Printed bound versions of the 2014 Town Plan of Conservation and Development and the 2013 Fairfield Hills Master Plan are now available at the town Land Use Agency office at Newtown Municipal Center at 3 Primrose Street. The published volumes are the product of lengthy planning projects by the Planning and Zoning Commission (P&Z) and by the ad hoc Fairfield Hills Master Plan Amendment Work Group, respectively. The documents are intended to serve as general guides for the future development and conservation of the town, and the town-owned section of Fairfield Hills. The price of the documents is $25 for the 171-page town plan, and $10 for the 34-page Fairfield Hills plan. Both documents are also available for public review on the town’s website on the Internet.
Newtown officials and a GE representative working with the first selectman’s office are about a week away from filing for approximately $6 million in grants from the US Department of Justice that the town intends to use to fund several new, nongovernment professionals who will help deliver sustained and targeted mental health and recovery support in the community. In anticipation of receiving the grant, First Selectman Pat Llodra said she is about to send out invitations to individuals, organizations, and agencies from which a seven-member oversight board for the grant implementation would be created.
What will the Fairfield Hills Authority’s role be in the future? This and other topics including building upkeep and prospective tenants to occupy the nearly 80-year-old former state hospital buildings topped the list for conversation at the first authority meeting this year. New to the chairman’s seat, Thomas Connors addressed members on Monday, January 27, saying that he was honored that members put their faith in him and that he hopes to “keep up the excellent stewardship of prior chair” James Bernardi, who headed the authority until December 18, passing the baton to Mr Connors that evening.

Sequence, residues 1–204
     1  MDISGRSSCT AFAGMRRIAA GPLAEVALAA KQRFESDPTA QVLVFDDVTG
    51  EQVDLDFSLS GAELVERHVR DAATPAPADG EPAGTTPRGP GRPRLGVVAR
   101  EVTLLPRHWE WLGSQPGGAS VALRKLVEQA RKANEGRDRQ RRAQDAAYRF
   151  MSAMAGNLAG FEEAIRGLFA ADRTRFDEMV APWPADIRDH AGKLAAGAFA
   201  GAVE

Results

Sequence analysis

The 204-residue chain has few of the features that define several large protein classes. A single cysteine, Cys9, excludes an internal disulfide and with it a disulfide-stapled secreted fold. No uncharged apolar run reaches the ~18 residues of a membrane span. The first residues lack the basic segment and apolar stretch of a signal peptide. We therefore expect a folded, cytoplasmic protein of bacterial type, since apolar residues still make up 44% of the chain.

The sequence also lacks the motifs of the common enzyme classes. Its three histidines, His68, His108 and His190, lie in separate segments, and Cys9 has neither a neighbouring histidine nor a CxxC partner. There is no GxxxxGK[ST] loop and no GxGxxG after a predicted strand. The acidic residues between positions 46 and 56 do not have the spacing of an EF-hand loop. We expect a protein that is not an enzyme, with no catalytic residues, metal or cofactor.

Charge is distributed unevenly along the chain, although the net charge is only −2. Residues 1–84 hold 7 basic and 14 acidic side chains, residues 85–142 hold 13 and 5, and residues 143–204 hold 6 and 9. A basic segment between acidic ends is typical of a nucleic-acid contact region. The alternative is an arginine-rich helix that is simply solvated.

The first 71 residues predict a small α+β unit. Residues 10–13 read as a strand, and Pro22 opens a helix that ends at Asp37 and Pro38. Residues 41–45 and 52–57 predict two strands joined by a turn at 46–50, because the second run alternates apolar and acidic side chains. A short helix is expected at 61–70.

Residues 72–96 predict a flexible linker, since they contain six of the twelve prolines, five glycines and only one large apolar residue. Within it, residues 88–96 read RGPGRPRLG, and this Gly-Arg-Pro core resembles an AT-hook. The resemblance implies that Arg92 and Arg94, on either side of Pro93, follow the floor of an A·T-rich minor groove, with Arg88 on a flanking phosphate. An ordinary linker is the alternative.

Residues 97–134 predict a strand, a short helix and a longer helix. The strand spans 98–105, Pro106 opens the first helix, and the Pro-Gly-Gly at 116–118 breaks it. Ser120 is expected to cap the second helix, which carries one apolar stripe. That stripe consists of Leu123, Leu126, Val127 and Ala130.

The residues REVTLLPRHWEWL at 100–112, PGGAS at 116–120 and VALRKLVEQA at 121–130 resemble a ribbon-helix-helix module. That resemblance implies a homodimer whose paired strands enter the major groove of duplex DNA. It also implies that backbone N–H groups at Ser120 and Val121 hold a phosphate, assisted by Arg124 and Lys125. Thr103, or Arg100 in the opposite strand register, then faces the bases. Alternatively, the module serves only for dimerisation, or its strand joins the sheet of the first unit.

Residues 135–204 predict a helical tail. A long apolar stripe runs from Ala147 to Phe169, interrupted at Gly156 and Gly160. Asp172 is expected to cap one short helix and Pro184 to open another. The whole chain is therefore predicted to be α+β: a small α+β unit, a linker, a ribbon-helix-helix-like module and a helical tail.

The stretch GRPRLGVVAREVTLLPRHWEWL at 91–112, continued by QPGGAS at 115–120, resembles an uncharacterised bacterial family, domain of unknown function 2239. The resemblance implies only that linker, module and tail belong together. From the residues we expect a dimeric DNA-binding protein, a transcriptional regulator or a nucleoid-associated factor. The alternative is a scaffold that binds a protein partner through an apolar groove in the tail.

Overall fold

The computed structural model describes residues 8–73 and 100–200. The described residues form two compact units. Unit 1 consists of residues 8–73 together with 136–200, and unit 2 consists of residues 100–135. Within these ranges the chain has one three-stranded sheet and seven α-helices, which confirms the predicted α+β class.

A South Carolina company that has installed protective window coverings at the U.S. Capitol and other buildings around the world is apologizing for an email advertisement that used a photo of the shot-out entrance to Sandy Hook School. The Associated Press reported January 31 that Commercial Window Shield of Taylors, SC, sent an email Tuesday to school officials across Connecticut. The email said the window coverings can stop bullets and keep out intruders. The ad upset officials in Newtown and other towns. Some officials contacted the company, which immediately apologized. First Selectman Pat Llodra called the use of the photo "inappropriate," but also seemed to accept the company's apology. "We're hyper-vigilant because of this horrible event, so we're quick to respond, quick to react," Llodra said Friday. "There's no hard feelings here. I bear no ill will. People make mistakes."
A Nashville, Tenn., television station has reported that Robbie Bruce, the co-founder of an organization created in the wake of 12/14, to raise funds for those affected by the shootings at Sandy Hook Elementary School, will cooperate fully with authorities who are investigating claims that he misappropriated $73,000. WKRN-TV Nashville said Mr Bruce released a statement on January 17, through his attorney, Jonathan Framer. The statement said: “We will cooperate fully with the inquiries made by the state of Tennessee and look forward to the opportunity to do so. For the immediate future all of our communications will be with the appropriate state agencies.”